Catch 22 is told in unchronological order from a third person limited omniscient point of view, mainly focused on the protagonist Captain John Yossarian. The novel follows Yossarian in his adventures as a bombardier in the U.S. Air Force during World War II. Nevertheless, Catch-22 is not the typical World War II novel. Yossarian is convinced everyone is trying to kill him, including his own superiors. The plot unfolds as Yossarian attempts to avoid flying any more combat missions, while fettered by the paradox of Catch-22. The novel takes place on Pianosa, a tiny, fictitious island off the coast of Rome. The novel can be partitioned into five major parts: the narrative present, the Great Big Siege of Bologna, additional narrative present, Milo’s actions, and lastly on Yossarian’s escape from the military. By writing in erratic order, Heller effectively develops and emphasizes the novel’s satire and paradox.
The narrative present begins with Yossarian in the hospital with a fake liver ailment attempting to avoid flying more missions. The narrator goes on to introduce the comprehensive cast of characters, including Doc Daneeka, a hypochondriac doctor and Yossarian’s antithesis; Orr, Yossarian’s eccentric tent-mate and ultimately his life saver; Clevinger, a Harvard-educated man whose plan later disappears into thin air; Mcwatt, a daredevil who constantly whizzes around the camp with his plane; Nately, the son of a wealthy businessman, who is in love with a prostitute and instigates all kinds of debauchery; Chief White Halfoat, a Native American intending to die of pneumonia and not in war; Milo Minderbinder, the mysterious omnipotent syndicate leader who serves as the living representation of capitalism; ...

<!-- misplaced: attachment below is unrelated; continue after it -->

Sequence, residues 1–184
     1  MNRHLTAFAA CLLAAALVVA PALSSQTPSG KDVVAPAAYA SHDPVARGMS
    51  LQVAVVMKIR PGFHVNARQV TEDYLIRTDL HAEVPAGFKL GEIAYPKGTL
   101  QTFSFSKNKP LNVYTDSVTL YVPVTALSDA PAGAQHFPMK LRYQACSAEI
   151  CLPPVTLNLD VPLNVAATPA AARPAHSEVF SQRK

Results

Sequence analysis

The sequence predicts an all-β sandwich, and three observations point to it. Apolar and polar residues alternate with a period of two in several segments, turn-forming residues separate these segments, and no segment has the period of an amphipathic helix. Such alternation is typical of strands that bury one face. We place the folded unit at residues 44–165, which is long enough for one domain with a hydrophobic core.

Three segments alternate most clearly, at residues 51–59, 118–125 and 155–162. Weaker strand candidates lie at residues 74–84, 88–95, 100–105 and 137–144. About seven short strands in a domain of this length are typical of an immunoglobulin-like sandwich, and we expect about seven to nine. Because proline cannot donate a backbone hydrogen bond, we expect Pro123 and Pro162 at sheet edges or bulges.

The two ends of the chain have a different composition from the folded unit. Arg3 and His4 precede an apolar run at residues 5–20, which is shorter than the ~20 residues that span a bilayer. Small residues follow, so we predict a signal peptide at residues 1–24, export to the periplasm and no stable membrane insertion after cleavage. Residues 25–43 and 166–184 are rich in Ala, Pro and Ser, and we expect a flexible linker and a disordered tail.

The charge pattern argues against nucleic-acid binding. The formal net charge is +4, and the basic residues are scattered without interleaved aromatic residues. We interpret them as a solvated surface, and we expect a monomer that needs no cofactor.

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...ders are more apt to engage with the novel.
Possibly the most interesting character in the novel is the mysterious Milo Minderbinder. Milo serves as a seemingly omnipotent power due to his syndicate, M&M Enterprises. Milo is Yossarian’s best friend, yet Milo is every character’s best friend. Milo epitomizes cleverness and acts extremely sly. Subsequently, Milo serves as a foil to the other characters due to how different he is. Milo is also incredibly intelligent and witty about the way he does business. The paradox of everyone benefitting from the syndicate despite the negative repercussions serves as comic relief throughout the novel. However, despite Milo’s comic relief, he is a confidant to Yossarian, which allows readers to believe Milo is authentic. In closing, by implementing such an authentic and mysterious character, readers are further stimulated to read.
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